When hearing applications for maintenance of a child, a court must determine whether a person is indeed liable to pay maintenance i.e. a paternity dispute. Maintenance claims are founded on the responsibility of the biological parents to support the child and as a result, paternity needs to first be established.
A maintenance court has the jurisdiction to determine the paternity of a father of a child. This needs to be proven on a balance of probabilities. There is furthermore a rebuttable presumption that the husband of the mother of the child is the father of the child if they were married at the time of conception.
Further presumptions are contained in the Children’s Act which may also come into play.
The Children’s Act stipulates that if it is proved that the father of a child born out of wedlock had sexual intercourse with the mother of the child at any time when that child could have been conceived, that person is, in the absence of a reasonable doubt then presumed to be the biological father of the child.
A party has the right to refuse to submit to paternity testing, however the Children’s Act provides that if a party to any legal proceedings in which the paternity of the child is in question refuses to submit him/herself or the child to a blood test to determine the child’s paternity, the court must warn such party of the effect their refusal might have on their credibility during such proceedings.
A maintenance officer may order that the parties take blood tests, but only if they consent thereto.
If during maintenance proceeding the maintenance officer is of the opinion, or it is clear, that paternity is in dispute and both parties are willing to submit both themselves and the child to scientific tests to determine paternity but are unable to pay the costs involved, either party may at any time during a maintenance enquiry but before the maintenance court makes an order, request the court to hold a summary enquiry into the payment of the costs of the paternity tests.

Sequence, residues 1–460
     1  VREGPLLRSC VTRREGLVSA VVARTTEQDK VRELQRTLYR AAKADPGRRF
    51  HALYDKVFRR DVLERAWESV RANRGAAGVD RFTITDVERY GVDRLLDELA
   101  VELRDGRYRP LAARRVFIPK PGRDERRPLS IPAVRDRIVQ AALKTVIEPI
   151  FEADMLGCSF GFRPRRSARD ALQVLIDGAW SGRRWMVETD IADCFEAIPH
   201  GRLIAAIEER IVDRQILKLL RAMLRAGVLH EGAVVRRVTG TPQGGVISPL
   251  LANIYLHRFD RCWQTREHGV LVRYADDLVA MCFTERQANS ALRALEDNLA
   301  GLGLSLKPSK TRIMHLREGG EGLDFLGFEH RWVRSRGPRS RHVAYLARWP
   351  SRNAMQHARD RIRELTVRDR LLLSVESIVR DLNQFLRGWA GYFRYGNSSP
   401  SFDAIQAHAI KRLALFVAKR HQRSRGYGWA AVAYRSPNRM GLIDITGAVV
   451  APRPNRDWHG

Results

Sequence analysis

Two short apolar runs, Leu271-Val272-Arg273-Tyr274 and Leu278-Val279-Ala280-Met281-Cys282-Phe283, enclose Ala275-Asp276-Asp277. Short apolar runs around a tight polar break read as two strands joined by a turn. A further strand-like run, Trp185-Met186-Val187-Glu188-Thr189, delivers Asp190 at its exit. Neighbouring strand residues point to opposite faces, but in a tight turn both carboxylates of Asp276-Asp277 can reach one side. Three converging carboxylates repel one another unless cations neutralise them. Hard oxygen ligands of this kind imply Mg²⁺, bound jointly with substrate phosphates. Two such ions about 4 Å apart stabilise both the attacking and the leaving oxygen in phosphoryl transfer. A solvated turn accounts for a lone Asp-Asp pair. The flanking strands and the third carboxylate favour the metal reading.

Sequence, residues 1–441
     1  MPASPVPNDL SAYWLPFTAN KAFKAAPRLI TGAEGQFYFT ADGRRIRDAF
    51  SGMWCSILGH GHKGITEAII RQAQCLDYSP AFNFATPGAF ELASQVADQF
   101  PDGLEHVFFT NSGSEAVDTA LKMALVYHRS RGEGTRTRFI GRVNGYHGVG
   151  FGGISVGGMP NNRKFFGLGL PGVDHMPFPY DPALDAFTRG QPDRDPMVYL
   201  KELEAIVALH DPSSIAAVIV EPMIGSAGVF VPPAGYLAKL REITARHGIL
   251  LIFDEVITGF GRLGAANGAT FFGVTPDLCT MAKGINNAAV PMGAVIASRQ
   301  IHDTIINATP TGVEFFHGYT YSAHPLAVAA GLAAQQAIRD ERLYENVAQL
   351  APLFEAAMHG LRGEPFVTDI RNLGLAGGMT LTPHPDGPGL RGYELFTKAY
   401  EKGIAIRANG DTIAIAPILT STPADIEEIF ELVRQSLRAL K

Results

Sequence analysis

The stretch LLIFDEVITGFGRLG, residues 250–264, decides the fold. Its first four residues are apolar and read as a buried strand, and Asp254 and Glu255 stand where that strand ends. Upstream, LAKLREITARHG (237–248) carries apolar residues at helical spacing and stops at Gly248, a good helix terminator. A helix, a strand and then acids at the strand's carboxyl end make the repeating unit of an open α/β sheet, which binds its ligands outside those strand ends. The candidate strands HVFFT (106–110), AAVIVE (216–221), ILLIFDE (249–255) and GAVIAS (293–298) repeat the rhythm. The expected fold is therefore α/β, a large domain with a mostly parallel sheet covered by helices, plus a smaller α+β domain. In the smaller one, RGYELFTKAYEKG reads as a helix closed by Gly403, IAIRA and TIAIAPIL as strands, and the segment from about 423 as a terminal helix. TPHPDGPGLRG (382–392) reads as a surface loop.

Should the maintenance officer agree to such a request, the maintenance court must enquire into the financial means of the parties, and look at any other circumstances that, in the court’s opinion, should be taken into consideration.
At the end of this enquiry, the maintenance court may make a provisional order concerning payment of the costs of the tests, including a provisional order that the state pay the whole amount or part thereof; or make no order as to payment of costs.
Should it then be determined that the alleged father is indeed not the biological father of the child, the claim for maintenance from him then ceases and the matter can be taken no further.
Should it be determined that the alleged father is indeed the biological father of the child, normal maintenance proceedings will then commence.
If you are uncertain about your rights to claim maintenance for your child or you need advice regarding maintenance being claimed from you, please contact our offices. We specialise in maintenance matters and we will assist you in a professional and confidential manner.